Tuesday, February 17, 2009
So, the National Geographic Channel has a program on called Fight Science. Flipping around the channels, I happened to come across it, so I watched an episode on self-defense, "Fighting Back."
The template for the show sets it in a big warehouse. Got a few science and engineer and medical types, some experts in self-defense, gel-flesh dummies, impact sensors, like that. The narrative was to show a simulated attack upon one of the experts by another. Slow it down, then demo the technique shown again, using an anatomical dummy rigged with sensor gear connected to a computer.
The experts -- a cop, MA teacher, ER doc and women's self-defense teacher, ran through surprise attacks in possible scenarios -- parking garage, elevator, stairs, supermarket parking lots. They showed eye gouges, throat strikes and grabs, hard shots to the lower abdomen -- not to the nuts, but to crack the pelvis.
CGI'ed anatomical models were also used to show effects of the techniques. All very slick and flashy, if a bit over the top.
It won't come as a surprise to most of my readers, I expect, that poking somebody in the eye, hammering their windpipe, crushing their larynx, or cracking a pelvis will pretty much give the attacker pause. Nor that attacking MMA champ Bas Rutten if you are a drunk in a bar is probably not the smartest move you'll ever make.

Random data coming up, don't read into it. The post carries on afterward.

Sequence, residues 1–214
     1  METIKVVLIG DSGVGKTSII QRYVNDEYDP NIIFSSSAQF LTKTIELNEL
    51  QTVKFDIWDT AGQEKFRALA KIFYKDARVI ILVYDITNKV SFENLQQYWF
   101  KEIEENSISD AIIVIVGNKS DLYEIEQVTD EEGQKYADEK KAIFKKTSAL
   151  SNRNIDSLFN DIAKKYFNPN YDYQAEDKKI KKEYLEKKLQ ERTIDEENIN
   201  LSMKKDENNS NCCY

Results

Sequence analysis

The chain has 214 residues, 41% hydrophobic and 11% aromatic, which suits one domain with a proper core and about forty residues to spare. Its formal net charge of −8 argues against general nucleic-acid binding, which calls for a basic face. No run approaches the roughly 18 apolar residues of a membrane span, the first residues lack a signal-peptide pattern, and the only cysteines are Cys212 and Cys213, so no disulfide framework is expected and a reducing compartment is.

For the most part, this was pretty standard stuff, and the melodramatic slomo and musical stings and hype got old pretty quick. They had about eight minutes of real material and they stretched it to an hour.
There were two things that a MA might find useful. One was the pelvis strike. Pistol-shooters are sometimes taught to aim for the pelvic girdle, because if you can shatter the bone there, your attacker will go down and stay down.
Of course, dropping your aim a hair to los ping-pongs with hand or gun will accomplish a fairly interesting reaction, too ...
And they did a short bit at the end on pepper spray and tasers that was interesting, showing what a lot of people who have played with such things already know. One of the guys stood there bare-chested for a taser shot. It knocked him on his ass, sure enough, but he managed to sweep one arm down and clear the darts and wires as he fell, so that he hit the ground and came back up in about a second. Point was that if he could do that, somebody else could and maybe risking your hide on a taser might not be as safe as you'd think.